The risk of infection is related to the dose of steroids and the duration of treatment. Although pyogenic bacteria are the most common pathogens, chronic use of steroids increases the risk of infection by intracellular pathogens such as Listeria, many fungi, herpes viruses and certain parasites. Using steroids, such as prednisolone, for certain rheumatic conditions may increase the risk of viral and bacterial infections. Corticosteroids may increase the risk of infections because they have a wide variety of effects on the immune system.
The dosage of the drug has a great impact on the risk of infection. The risk of infection is higher at high doses (for example, 60 mg of prednisone), “but it has been found that the risk of serious infection doubles approximately even in people who take 10 to 20 mg of prednisone, says Dr. The risk of infection with corticosteroid doses lower than 10 mg is unclear, he notes. Corticosteroids carry a risk of side effects, some of which can cause serious health problems.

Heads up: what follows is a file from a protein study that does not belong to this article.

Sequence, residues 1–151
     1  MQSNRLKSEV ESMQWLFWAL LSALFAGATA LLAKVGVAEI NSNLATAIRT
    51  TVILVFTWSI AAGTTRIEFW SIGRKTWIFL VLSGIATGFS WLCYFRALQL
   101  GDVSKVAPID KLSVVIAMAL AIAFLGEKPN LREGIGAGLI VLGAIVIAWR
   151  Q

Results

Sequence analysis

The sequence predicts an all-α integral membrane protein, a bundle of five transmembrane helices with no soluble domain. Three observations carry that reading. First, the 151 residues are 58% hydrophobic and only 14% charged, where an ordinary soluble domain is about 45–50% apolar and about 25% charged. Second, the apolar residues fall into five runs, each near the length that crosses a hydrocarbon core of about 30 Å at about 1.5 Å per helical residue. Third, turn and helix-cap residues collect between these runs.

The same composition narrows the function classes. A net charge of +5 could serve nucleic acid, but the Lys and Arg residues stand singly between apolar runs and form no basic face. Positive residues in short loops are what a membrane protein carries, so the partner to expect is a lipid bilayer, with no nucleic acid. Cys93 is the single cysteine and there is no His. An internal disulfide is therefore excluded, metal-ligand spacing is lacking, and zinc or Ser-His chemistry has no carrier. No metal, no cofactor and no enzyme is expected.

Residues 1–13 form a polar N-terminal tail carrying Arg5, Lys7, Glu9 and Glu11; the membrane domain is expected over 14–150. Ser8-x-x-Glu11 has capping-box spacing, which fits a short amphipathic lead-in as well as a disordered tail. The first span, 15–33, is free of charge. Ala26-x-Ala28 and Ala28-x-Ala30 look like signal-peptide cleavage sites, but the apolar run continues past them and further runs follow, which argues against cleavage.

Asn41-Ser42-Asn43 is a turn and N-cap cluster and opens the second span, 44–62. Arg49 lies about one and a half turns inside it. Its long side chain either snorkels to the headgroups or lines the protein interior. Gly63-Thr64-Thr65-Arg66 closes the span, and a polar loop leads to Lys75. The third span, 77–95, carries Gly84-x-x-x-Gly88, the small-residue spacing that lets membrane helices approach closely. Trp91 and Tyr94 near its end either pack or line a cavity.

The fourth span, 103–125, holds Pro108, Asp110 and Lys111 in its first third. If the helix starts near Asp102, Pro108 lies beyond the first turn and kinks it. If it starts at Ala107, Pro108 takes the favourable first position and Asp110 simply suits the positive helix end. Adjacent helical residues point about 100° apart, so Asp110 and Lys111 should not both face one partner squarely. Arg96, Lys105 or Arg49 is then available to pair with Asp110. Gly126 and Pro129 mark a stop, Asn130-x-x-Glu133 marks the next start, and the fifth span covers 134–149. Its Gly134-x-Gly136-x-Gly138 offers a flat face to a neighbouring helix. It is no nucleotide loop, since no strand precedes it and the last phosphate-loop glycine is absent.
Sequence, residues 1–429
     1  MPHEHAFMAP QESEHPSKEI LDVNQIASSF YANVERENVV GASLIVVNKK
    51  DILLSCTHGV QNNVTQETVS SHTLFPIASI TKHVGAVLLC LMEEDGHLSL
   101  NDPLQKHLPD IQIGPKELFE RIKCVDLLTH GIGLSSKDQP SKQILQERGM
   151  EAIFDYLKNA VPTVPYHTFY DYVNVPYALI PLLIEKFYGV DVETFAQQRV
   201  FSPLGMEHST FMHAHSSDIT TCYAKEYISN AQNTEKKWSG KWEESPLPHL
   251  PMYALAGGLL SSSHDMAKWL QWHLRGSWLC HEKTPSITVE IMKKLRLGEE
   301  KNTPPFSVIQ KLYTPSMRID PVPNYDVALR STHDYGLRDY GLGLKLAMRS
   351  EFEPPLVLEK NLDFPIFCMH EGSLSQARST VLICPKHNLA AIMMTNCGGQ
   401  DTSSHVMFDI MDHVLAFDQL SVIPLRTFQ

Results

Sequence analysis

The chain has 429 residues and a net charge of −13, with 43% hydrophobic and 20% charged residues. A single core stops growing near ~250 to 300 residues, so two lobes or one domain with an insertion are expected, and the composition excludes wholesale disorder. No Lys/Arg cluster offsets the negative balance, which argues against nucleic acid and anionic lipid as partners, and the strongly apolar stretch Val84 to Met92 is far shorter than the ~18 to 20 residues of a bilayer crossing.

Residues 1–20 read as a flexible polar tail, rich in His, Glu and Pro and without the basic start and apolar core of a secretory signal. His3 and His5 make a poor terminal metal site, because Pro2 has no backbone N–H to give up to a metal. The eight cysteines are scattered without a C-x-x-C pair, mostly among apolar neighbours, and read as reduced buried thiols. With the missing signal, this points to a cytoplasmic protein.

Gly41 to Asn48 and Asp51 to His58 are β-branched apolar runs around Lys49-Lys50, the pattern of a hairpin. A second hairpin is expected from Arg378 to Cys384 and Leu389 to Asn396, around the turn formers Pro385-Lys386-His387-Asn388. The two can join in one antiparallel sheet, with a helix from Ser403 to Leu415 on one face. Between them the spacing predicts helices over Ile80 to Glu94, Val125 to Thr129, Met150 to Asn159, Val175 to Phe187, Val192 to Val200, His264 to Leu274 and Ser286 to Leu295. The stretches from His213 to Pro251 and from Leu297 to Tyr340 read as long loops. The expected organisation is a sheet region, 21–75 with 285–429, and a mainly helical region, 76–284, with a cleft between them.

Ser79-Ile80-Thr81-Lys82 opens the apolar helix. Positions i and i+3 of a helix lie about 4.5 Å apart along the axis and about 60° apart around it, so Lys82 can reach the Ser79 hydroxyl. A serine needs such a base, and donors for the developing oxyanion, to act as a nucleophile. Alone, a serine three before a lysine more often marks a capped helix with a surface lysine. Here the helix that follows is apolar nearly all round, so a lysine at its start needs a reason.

When you know what side effects are possible, you can take steps to control their impact. Corticosteroids can also be used to replace certain hormones that the body doesn't produce naturally, for example, in people with Addison's disease. Steroids also reduce the activity of the immune system, which is the body's natural defense against diseases and infections. For most people, steroid inhalers and steroid injections shouldn't cause annoying side effects.
High-dose inhaled steroids can sometimes cause some of the more serious side effects that are most commonly related to steroid tablets (see below), but this is rare. There's usually no reason why a person can't use a steroid inhaler or spray, but they should be used with caution in people with ongoing infections, such as tuberculosis (TB).